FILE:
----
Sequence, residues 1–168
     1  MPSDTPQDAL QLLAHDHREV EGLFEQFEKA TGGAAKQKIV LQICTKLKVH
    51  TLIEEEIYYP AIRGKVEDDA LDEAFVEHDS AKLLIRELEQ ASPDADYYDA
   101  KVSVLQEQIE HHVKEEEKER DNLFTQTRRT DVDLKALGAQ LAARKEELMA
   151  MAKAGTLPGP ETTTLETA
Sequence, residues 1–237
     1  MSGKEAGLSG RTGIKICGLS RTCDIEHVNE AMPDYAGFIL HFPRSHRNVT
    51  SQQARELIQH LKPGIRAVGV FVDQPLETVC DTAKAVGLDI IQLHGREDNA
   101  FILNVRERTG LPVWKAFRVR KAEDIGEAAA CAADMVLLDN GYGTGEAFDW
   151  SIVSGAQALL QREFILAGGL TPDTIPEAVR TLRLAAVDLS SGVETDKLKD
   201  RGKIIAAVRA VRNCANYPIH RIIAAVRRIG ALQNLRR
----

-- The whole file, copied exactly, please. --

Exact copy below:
Sequence, residues 1–168
     1  MPSDTPQDAL QLLAHDHREV EGLFEQFEKA TGGAAKQKIV LQICTKLKVH
    51  TLIEEEIYYP AIRGKVEDDA LDEAFVEHDS AKLLIRELEQ ASPDADYYDA
   101  KVSVLQEQIE HHVKEEEKER DNLFTQTRRT DVDLKALGAQ LAARKEELMA
   151  MAKAGTLPGP ETTTLETA
Sequence, residues 1–237
     1  MSGKEAGLSG RTGIKICGLS RTCDIEHVNE AMPDYAGFIL HFPRSHRNVT
    51  SQQARELIQH LKPGIRAVGV FVDQPLETVC DTAKAVGLDI IQLHGREDNA
   101  FILNVRERTG LPVWKAFRVR KAEDIGEAAA CAADMVLLDN GYGTGEAFDW
   151  SIVSGAQALL QREFILAGGL TPDTIPEAVR TLRLAAVDLS SGVETDKLKD
   201  RGKIIAAVRA VRNCANYPIH RIIAAVRRIG ALQNLRR